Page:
A demodulator is a circuit that separates the signals of Amplitude Modulation (AM), Frequency Modulation (FM), and Quadrature Amplitude Modulation (QAM) from the numerous radio waves in our environment and decodes the information from the carrier. The most common form of demodulator used by consumers today is the superheterodyne receiver.
The superheterodyne receiver uses a combination of two circuits: a low-frequency amplifier called a first stage or baseband amplifier, and a high-frequency amplifier called a second stage or tuner amplifier. The first stage amplifies both the modulated signal and any adjacent channel interference. It then feeds its output into the input of the second stage, which has much higher gain than the first stage. The second stage amplifies only the signal from the first stage, which carries no energy at high frequencies. It then delivers this signal to an intermediate frequency (IF) stage, which filters out all but the modulated signal at the first stage's output. This final step is necessary because at first the modulated signal will be present at the same time as the unwanted sidebands, which must be separated out before decoding can begin.
The superheterodyne design allows for easy separation and amplification of different frequency bands, which is useful for separating out television channels from each other as well as interfering sources such as car engines.
Demodulation Separation of the original information, or SIGNAL, from the modulated carrier. In the case of amplitude or frequency modulation, a device known as a demodulator or detector generates a signal that corresponds to instantaneous changes in amplitude or frequency, respectively. These signals can then be further processed through electronic circuitry.
In radio technology, a demodulator is used to extract the original information from a modulated signal. The term "demodulate" has the same meaning in telecommunications as it does in radio technology: to remove modulation and return the signal to its original form.
An example would be if a radio transmitter broadcasts data by changing the amplitude of its waveform. This signal is then transmitted into the air where it is picked up by an antenna attached to a receiver. Inside the receiver, the demodulator uses electronics to remove the modulation (in this case, amplitude modulation) and give us back the original data signal: 0's and 1's. It does this by comparing the voltage of each pulse with a reference voltage and determining which peaks are higher than the reference level. If more pulses have peak values greater than the reference, the receiver will output a 1; otherwise, it will output a 0.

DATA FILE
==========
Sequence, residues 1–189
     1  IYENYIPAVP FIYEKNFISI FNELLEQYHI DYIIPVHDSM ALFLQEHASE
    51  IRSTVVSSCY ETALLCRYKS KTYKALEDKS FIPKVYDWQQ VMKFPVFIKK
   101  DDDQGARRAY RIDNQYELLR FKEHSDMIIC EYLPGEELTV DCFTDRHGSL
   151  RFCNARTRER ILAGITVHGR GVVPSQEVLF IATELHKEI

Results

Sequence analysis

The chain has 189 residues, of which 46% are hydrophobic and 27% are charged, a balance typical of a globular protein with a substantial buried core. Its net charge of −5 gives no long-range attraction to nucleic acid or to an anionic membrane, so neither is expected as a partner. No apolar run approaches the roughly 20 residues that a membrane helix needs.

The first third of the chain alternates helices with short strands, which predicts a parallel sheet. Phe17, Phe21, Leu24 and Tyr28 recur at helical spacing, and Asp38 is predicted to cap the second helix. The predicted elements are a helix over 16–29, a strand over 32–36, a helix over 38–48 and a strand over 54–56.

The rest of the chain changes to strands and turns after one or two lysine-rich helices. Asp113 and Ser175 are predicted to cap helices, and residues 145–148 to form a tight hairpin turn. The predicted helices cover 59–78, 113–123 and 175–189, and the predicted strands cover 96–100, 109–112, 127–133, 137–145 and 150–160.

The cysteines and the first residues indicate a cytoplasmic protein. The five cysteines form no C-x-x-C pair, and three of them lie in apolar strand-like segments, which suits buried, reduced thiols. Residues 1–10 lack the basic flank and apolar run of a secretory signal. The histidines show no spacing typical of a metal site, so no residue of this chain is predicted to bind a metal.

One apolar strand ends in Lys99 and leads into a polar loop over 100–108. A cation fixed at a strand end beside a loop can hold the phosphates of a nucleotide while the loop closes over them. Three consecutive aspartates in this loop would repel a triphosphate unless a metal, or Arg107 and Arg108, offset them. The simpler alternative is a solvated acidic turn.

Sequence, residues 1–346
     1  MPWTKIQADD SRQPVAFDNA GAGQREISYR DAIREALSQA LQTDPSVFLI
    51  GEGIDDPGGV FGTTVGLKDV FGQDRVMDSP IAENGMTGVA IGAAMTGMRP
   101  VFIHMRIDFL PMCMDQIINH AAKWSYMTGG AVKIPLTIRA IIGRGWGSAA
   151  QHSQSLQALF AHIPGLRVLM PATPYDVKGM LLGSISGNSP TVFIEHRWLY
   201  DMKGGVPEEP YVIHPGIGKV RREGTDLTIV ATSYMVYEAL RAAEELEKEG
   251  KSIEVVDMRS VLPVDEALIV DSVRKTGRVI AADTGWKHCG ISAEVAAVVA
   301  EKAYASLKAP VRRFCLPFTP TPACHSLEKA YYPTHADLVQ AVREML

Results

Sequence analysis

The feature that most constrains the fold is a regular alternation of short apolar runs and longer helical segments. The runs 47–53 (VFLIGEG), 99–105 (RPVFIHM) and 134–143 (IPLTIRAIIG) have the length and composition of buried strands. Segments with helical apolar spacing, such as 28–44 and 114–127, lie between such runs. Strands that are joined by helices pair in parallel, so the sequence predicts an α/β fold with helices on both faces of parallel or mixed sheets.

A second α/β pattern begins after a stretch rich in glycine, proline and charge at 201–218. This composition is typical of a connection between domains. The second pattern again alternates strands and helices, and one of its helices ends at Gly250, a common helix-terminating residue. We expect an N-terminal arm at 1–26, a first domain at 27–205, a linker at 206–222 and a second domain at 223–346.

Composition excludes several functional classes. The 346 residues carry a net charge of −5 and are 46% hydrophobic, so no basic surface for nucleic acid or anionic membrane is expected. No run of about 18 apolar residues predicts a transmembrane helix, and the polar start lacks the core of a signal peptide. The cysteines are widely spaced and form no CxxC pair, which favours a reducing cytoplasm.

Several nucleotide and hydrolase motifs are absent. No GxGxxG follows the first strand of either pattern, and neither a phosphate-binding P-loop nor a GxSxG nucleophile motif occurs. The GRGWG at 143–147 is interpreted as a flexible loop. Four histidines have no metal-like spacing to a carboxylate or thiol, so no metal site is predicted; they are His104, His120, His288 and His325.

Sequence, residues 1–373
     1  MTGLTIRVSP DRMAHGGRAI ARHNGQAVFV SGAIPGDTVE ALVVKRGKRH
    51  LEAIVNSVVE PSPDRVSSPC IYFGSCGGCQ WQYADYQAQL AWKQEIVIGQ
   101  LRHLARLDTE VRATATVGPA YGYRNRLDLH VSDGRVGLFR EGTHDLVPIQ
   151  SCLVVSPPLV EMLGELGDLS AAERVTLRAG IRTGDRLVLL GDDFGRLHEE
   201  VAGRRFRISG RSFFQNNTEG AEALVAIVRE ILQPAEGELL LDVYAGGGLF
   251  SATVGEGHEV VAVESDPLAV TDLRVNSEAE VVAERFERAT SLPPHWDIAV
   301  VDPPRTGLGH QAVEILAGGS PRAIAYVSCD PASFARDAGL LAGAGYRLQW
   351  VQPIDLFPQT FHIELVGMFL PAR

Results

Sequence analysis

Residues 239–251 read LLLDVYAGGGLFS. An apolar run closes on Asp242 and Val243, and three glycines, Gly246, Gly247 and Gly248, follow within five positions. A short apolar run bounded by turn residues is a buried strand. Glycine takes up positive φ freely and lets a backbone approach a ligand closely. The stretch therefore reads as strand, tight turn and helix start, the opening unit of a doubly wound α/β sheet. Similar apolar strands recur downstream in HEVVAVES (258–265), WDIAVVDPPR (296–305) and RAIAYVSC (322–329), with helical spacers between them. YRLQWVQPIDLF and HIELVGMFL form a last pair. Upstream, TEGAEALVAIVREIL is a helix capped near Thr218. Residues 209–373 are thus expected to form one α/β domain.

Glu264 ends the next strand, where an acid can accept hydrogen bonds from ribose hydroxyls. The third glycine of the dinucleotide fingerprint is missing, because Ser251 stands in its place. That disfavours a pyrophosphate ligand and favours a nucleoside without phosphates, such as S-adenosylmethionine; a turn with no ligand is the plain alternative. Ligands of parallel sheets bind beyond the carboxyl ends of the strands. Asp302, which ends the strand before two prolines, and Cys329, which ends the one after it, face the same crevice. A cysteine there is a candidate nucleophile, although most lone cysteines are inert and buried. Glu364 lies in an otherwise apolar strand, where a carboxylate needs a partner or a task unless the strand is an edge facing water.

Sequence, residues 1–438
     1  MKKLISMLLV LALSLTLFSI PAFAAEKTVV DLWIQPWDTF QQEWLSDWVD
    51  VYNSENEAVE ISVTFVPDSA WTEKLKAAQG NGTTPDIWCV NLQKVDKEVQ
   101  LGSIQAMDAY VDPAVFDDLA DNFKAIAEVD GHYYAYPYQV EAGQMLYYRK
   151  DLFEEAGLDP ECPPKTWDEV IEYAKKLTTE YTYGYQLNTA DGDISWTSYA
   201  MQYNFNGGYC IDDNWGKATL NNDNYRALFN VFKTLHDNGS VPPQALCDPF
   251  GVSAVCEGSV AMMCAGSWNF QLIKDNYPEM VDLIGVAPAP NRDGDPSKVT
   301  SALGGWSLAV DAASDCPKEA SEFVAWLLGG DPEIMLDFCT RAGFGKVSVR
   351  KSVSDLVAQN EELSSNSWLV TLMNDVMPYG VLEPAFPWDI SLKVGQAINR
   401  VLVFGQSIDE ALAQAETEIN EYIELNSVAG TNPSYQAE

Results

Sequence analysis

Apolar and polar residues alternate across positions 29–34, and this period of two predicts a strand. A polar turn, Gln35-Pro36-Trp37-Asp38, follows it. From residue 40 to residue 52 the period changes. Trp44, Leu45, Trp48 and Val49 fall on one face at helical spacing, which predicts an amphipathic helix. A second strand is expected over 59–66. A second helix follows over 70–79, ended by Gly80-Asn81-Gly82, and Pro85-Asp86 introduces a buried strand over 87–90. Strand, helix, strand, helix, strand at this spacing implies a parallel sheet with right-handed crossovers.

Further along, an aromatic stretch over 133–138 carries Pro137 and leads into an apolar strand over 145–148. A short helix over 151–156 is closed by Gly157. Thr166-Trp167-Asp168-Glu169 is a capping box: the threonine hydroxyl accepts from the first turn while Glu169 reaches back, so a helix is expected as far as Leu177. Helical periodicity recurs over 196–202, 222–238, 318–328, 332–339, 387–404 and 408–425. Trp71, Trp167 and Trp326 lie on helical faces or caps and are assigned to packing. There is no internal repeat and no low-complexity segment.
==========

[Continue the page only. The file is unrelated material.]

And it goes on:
The demodulator also contains one or more oscillators that produce signals at precise frequencies depending on the type of modulation used by the sender.
Demodulation is the process of retrieving information from a carrier wave at the receiver, and the electrical circuit utilized for it is known as a demodulator. It is a type of electric circuit designed to recover information from a modulated carrier wave. The term "demodulator" has become generic for such a circuit.
In radio communication, modulation is used to transmit information from a sender (transmitter) to a receiver. The most common form of modulation is amplitude modulation (AM). In AM, the amplitude of an alternating current (AC) signal is varied to represent data. Amplitude modulation can be either positive or negative. If +10 volts is used as the maximum positive voltage and -10 volts as the maximum negative voltage, then a signal with a value of +5 volts would be represented by a line equal to +10 volts minus 5 volts or 55 volts. Lines of different lengths are used to separate different values of the signal.
The original form of modulation was frequency modulation (FM). In this case, the frequency of an oscillator is varied instead of its amplitude. Thus, the same signal can be transmitted over a wide range of frequencies. Modern FM uses heterodyning to combine two signals together: one from an oscillator and the other from a radio station. This creates a third signal at the difference frequency between these two sources.
Modulation is the process of changing data information on a carrier, whereas demodulation is the process of recovering original information at the far end of the carrier. A modem is a piece of equipment that can modulate and demodulate data. Modern communication systems often include both functions in one device called a demodulator/decoder (or simply decoder). For example, a modem used with digital cellular phones demodulates radio-frequency signals to recover data and provides an audio signal to the user while using energy from a battery instead of electricity from the public utility company.
Modems convert digital data into electrical signals which can be transmitted across a communications channel, and then converted back into digital form at the receiving station. The two main types of modems are analog modems and digital modems. An analog modem uses voltage levels to represent 0's and 1's while a digital modem uses electric pulses representing 0's and 1's.
Analog modems use various techniques for translating digital data into voltage levels suitable for transmission over telephone lines. These techniques include frequency modulation (FM), voice band modulation (VBM), amplitude modulation (AM), and hybrid modulation (e.g., AM/FM). Digital modems use electrical pulses to represent 0's and 1's. They convert received analog signals into digital form and transmit them to the other side of the connection.